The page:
Spain’s Tiqui-taca high-possession passing brand of football was never intended to be like this - the drawn-out, overbaked version we saw of it in Moscow on Sunday. It was never about stringing together 1,174 passes for meagre rewards - one, solitary goal – an own goal at that. With much less energy and exertion, Russia won a penalty and levelled the game. Originally, the Tiqui-taca model was based around maintaining possession in the opponents’ half with quick, well executed passes to force the rival defence into chasing the ball; as soon as an opening appeared then the ball was quickly through it – the opposition, dizzy and frustrated by chasing shadows, could do little to react in time. It was a technique which requires immaculate passing skills – and also acute attention and a keen eye to spot openings when they arise and take advantage of them. On top of that, you also need the resolve to win the ball back quickly whenever possession is lost with collective pressing. But that isn’t what we are seeing Spain do now – ceding the ball to each other as though it's a pet dog (one which is never allowed to cock a leg…)
Key components missing or on the wane
How did Spain’s game descend into this? Firstly, because they no longer have Xavi - the man who held the secret formula; and also because Iniesta and Silva are now showing their age. The latter’s fall from grace in Russia was almost as cringe worthy to witness as De Gea’s. That’s left just Isco who, without any accomplices to help him, sprayed the ball around like some kind of modern day Sisyphus on a life sentence. And Fernando Hierro, who got roped into the coaching job by accident, lacked the courage to change things before it was too late – but you can understand that. Spain got themselves out of a hole by discovering a successful system and Lopetegui had been trying to reconstruct the team’s style by using the same model. It all slipped through Hierro’s hands but could we really have expected him to reinvent the team in just one week?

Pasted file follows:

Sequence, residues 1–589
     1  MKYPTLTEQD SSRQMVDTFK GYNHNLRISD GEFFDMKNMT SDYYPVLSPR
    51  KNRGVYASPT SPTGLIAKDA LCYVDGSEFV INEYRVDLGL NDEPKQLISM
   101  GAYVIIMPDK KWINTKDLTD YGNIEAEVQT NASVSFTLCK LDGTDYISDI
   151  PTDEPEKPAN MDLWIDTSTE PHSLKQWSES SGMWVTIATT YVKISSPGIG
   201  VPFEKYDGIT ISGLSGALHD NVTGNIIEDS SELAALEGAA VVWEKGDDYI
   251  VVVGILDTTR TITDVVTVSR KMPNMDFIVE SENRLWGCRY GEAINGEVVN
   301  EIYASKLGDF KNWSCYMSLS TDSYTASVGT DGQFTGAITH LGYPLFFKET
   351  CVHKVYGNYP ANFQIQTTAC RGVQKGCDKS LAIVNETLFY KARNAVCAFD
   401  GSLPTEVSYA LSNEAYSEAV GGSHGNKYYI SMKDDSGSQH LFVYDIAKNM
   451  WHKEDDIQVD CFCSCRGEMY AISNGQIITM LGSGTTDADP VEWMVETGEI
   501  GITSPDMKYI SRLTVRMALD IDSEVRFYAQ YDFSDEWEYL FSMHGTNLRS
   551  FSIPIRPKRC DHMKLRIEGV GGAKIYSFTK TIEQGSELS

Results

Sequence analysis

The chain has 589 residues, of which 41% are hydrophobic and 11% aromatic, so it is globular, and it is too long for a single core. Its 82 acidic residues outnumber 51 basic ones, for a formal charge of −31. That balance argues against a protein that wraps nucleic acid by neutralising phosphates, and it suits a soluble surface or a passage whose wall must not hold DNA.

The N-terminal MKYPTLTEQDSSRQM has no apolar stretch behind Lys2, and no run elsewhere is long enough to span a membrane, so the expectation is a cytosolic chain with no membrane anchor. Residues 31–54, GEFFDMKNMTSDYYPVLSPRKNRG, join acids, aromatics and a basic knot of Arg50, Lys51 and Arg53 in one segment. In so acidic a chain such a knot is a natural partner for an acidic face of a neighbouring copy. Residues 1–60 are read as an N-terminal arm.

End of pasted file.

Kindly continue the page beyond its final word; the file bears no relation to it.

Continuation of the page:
Spain lacking self confidence and devoid of leaders
It’s been a hugely disappointing and unhappy World Cup for Spain. It started with Florentino’s hostile plundering of Lopetegui, who was seduced by Madrid’s siren song and was followed by Rubiales’ drastic reaction. Then our goalkeeper cocked up at the worst possible moment, which provoked a media racket the likes of which we haven’t seen in recent World Cups. Added to which Silva failed to show up, and Iniesta is no longer the player he was. A team which once had leaders like Casillas, Puyol and Xavi had its confidence drained from it; ok, Spain now have Ramos and Piqué but it’s not the same. It was a startling to see the team capsize so resoundingly, with the team unable to plug the permanent leak from our own goal and bale ourselves out. Anyway, our eyes are now fixed back on Brazil.